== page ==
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PostPosted: Tue Apr 07, 2020 8:31 am 
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I don't need Irish, or Celtic for that matter...I love all folky music. But I don't think I can meld with Ray Charles! Thanks for the clip, PanCeltPiper.

I heard a hammered dulcimer player (Dana Hamilton who made my 13/14 HD) play Soldiers Joy in D, then adjust it up to Em which is ridiculously easy on the dulcimer. I will try to find a good waltz to do this with. I have The Waltz Book and Waltz Book II. My journey begins.

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PostPosted: Tue Apr 07, 2020 8:37 am 
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Let's call in Jackie?

We used to do this one after he introduced it to us: The New Land

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PostPosted: Tue Apr 07, 2020 7:49 pm 
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pancelticpiper wrote:
What specifically does it do? If you play from Bottom D up the scale to B in the 2nd octave which notes are off, are they sharp or flat?

Taking beginner's error into account, I can't guarantee how reliable these readings are. They were done with a tuner app on my phone. The problem is that while watching the app, it's hard not to try to correct the pitch by blowing it into tune. This is an Oak in the key of C.

Code:
C xxx xxx = in tune (Lowest note)
D xxx xxo = 20 cents sharp
E xxx xoo = 15 cents flat
F xxx ooo = in tune
G xxo ooo = in tune
A xoo ooo = in tune
B ooo ooo = in tune
C oxx xxx = in tune
D xxx xxo = 25 cents flat
E xxx xoo = 35 cents flat
F xxx ooo = in tune with increased breath pressure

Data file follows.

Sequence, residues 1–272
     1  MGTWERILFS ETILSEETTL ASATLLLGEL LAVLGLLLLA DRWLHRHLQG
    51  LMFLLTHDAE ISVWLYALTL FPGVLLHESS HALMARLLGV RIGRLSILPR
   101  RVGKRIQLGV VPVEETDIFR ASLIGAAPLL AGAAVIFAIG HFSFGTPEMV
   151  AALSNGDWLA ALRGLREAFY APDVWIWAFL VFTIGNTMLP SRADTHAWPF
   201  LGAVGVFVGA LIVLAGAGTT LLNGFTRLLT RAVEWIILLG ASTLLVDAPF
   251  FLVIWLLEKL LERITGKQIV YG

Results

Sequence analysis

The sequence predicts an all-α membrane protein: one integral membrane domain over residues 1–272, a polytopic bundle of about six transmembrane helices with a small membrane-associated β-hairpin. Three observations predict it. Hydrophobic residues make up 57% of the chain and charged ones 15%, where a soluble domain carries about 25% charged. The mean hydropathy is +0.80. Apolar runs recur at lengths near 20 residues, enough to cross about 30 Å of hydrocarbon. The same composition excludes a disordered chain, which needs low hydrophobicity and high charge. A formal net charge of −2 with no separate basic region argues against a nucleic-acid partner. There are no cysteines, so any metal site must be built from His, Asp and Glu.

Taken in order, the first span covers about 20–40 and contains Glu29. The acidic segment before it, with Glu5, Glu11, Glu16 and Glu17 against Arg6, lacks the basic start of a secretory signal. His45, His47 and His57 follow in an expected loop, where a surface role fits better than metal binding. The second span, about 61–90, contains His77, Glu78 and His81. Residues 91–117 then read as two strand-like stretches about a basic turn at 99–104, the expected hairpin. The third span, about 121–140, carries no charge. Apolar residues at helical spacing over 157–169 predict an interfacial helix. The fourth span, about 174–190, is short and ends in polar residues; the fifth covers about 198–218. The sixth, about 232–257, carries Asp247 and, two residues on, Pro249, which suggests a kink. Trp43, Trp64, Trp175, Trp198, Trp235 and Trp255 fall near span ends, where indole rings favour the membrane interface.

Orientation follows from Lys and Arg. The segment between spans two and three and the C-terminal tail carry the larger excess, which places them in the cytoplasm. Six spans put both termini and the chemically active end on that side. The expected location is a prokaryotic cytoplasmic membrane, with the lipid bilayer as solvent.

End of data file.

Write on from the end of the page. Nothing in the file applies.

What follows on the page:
G xxo ooo = in tune with increased breath pressure


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PostPosted: Wed Apr 08, 2020 4:54 am 
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Maddie wrote:
these readings...were done with a tuner app on my phone.


Thanks, that's very clear.

First, I'll translate everything for D whistles because that's how the notes are usually reckoned regardless of a whistle's key.

It's very good news, because it appears that the Bottom D to Middle D octave spread is good, which can be the trickiest thing for a maker to get right.

In ordinary D terms you have

D 0
E +20
F# -15
G 0
A 0
B 0
cnat ?
c# 0
d 0
e -25
f# -35
g 0
a 0
b ?

Having the Major 3rd (F# on a D whistle) 15 cents flat is right in line with Just Intonation and would be the preferred location for many, if not most, trad players.

That aside, you only have one problem note, E, the note emitting from Hole 6. I can't see how it can be that sharp in the low octave and that flat in the 2nd octave. Can you check to make sure?

A somewhat sharp Low E is fairly common in Irish whistles and flutes, but I cant' imagine how it can have a 45 cent pitch differential between the octaves when its neighbours D and F# have pretty close octaves.

More common is for E to be a hair sharp in the low octave and in tune in the 2nd octave, even on whistles which are otherwise well in tune. Conversely E can be in tune in the low octave and a hair flat in the 2nd octave, all else being good.

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1945 Starck Highland pipes
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Last edited by pancelticpiper on Wed Apr 08, 2020 5:08 am, edited 2 times in total.

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PostPosted: Wed Apr 08, 2020 5:01 am 
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Quote:
That aside, you only have one problem note, a sharp E, the note emitting from Hole 6.

I would put some tape on Hole 6 to bring that note down to the pitch of the rest of the whistle scale.


Note that Maddie gives her first octave D (relative E) as flat in one and sharp in the other octave. More of a blowing issue than one that can be taped over, perhaps.

[fixed typo]

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Last edited by Mr.Gumby on Wed Apr 08, 2020 5:59 am, edited 1 time in total.

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PostPosted: Wed Apr 08, 2020 5:09 am 
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sorry typo fixed.

Yes it's very strange to have a note far sharper than the rest in one octave and far flatter than the rest in the other, with everything else being normal. Don't think I've ever seen it happen.

(On whistles or flutes...uilleann chanters can do some every strange things.)

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1978 Quinn uilleann pipes
1945 Starck Highland pipes
Goldie Low D whistle


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